December 18, 1861, several ladies accepted an invitation extended by Col. John Williams of the Sanitary Commission, to go to Cairo and personally distribute clothing and delicacies to the sick in hospitals at that point and adjacent camps, among them being Mrs. E. B. Zimmerman, Mrs. Isaac Nutt, Mrs. Lotus Niles and Miss Mary Springer.

 

The enlarged field of work demanding a larger board of directors, the following were added:

Mrs. E. H. Beach

Mrs. John W. Chenery

Mrs. J. D. Chenery

Mrs. John McCreery

Mrs. O. B. Babcock

Mrs. J. C. Conkling

Mrs. P. A. Dorwin

Mrs. J. C. Ives

Mrs. James L. Lamb

Mrs. N. W. Miner

Mrs. Paul Selby

Miss Matilda Babcock

Mrs. M. E. Halbert

 

A new election of officers to fill vacancies also occurred at this time, resulting in:

Vice-President, Mrs. P. C. Latham  

Treasurer, Miss Catherine P. Tilton  

Secretary, Mrs. Lucien Tilton

Mrs. W. W. Watson still retaining the presidency. The account of one month's work, printed below and taken directly from the treasurer's book, serves to give some idea of what was done by these faithful women:

 

Receipts

Membership fees and contributions $ 64.40

General contributions 378.04

Government work 157.83

Two concerts 304.40

Tableaux exhibition 201.00

Loami Ladies' Soldiers' Aid Society 5.00

Sale of rags 5.40

Sale of miscellaneous 8.00

Total    $1,214.07

 

Disbursements

To material for hospital bedding and clothing $939.99

To materials for slippers 19.50

To articles for hospital 90.61

Clothing for female nurses 58.70

Spinning and washing yarn 39.84

Miscellaneous goods 9.99

Postage and stationery 4.16

Expressage and cartage 14.20

Total               1,176.99

 

Balance on hand , $37.08

 

It was while the "boys in blue" were encamped in the malarious region of Cairo that much severe illness was endured, from which a large number never recovered. Besides the everywhere present "chills and fever," there were many cases of measles and mumps which left some of those who survived, in debilitated condition for life. A few had to be honorably discharged and sent home, after weeks and months in hospital, with the parting message from the medical staff, "Nothing but mother's nursing can ever fully restore you. We have done the best we could, with what we had to do."

 

It was during this period that Mother Bickerdyke came down from the northern part of the State, with her chickens and cows, and doubtless did more than any other one person to bring comfort to the sick soldier boy. Our own Central Illinois women bless her name, and were proud of her. Perhaps no name among women of our State is today spoken with more loving reverence, than that of Mother Bickerdyke. Sangamon County women did not confine their ministrations to Alton, but as the war went on, and the soldiers were advanced to other points, they were personally followed, when appeals for relief came, with food, delicacies, bandages and lint.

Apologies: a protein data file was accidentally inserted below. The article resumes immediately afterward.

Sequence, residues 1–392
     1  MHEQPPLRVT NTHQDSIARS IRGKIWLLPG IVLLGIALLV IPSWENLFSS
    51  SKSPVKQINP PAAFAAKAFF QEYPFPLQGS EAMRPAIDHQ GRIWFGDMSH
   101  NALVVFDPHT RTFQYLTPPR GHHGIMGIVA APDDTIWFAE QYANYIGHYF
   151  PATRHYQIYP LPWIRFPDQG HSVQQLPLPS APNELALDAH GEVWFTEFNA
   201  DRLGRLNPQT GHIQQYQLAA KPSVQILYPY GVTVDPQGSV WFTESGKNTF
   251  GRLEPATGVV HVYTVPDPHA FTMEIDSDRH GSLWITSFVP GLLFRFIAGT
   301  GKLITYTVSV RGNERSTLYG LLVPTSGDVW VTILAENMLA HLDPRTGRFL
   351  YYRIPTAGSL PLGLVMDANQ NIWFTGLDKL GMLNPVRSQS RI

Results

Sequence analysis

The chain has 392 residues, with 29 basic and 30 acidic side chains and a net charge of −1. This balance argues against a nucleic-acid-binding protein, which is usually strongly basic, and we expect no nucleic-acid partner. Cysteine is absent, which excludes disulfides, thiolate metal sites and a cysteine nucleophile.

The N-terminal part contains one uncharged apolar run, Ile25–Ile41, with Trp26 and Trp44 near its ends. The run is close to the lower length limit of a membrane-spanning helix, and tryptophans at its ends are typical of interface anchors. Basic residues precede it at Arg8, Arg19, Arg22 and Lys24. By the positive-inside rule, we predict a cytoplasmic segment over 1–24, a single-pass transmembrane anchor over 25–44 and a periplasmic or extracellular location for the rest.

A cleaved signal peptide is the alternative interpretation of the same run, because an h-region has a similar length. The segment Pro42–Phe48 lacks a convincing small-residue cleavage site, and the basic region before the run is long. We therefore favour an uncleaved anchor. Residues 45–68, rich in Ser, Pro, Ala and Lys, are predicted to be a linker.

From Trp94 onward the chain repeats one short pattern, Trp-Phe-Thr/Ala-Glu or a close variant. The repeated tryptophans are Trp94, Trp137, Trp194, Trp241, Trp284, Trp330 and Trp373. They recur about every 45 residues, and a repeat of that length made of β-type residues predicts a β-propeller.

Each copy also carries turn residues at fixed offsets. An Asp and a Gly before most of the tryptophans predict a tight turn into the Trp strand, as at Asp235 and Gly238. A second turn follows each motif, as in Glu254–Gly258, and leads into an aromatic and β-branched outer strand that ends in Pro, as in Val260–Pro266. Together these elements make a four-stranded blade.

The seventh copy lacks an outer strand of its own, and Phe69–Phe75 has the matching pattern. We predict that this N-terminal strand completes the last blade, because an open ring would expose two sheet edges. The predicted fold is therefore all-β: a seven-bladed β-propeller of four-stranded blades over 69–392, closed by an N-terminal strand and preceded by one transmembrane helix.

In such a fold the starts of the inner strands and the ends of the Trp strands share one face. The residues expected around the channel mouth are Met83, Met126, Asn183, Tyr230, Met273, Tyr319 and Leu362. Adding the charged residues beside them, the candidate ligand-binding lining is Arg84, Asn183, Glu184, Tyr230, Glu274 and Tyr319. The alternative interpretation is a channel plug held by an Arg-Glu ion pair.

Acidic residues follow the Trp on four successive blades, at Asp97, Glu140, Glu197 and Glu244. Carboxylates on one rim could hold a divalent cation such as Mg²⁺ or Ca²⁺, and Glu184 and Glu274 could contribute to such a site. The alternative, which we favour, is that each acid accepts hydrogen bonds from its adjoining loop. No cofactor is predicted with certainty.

The long weary hours of watching, the patient, persistent endeavor, the furnishing of money when it was scarce, for it was, in those war days, all this and much more, can never be estimated. It is told only in the blessed words, "She hath done what she could."

 

After the battle of Fort Donelson, February 14, 1862, ten thousand prisoners of war were divided between Camp Douglas at Chicago, and Camp Butler. A government contract secured in the summer of 1862 for furnishing prisoners' hospitals at Camp Butler with needed supplies greatly increased the work and the demand upon the funds of the society. Liberal donations of money and material were given by patriotic citizens, and substantial aid poured into the society's rooms from neighboring towns of Mechanicsburg, Wolf Creek, Loami, and Chatham. Many public entertainments were given, and the proceeds turned over to the Springfield society's treasury. The first annual report showed, in addition to the work done in the hospitals of Camps Yates and Butler that twenty-nine boxes of supplies were forwarded to the hospitals of Cairo, Birds Point, Mound City, Paducah, Cape Girardeau, Shawncetown, Keokuk, the Mississippi Harbor Fleet, and the wounded upon the field after the battles of Fort Donelson and Shiloh.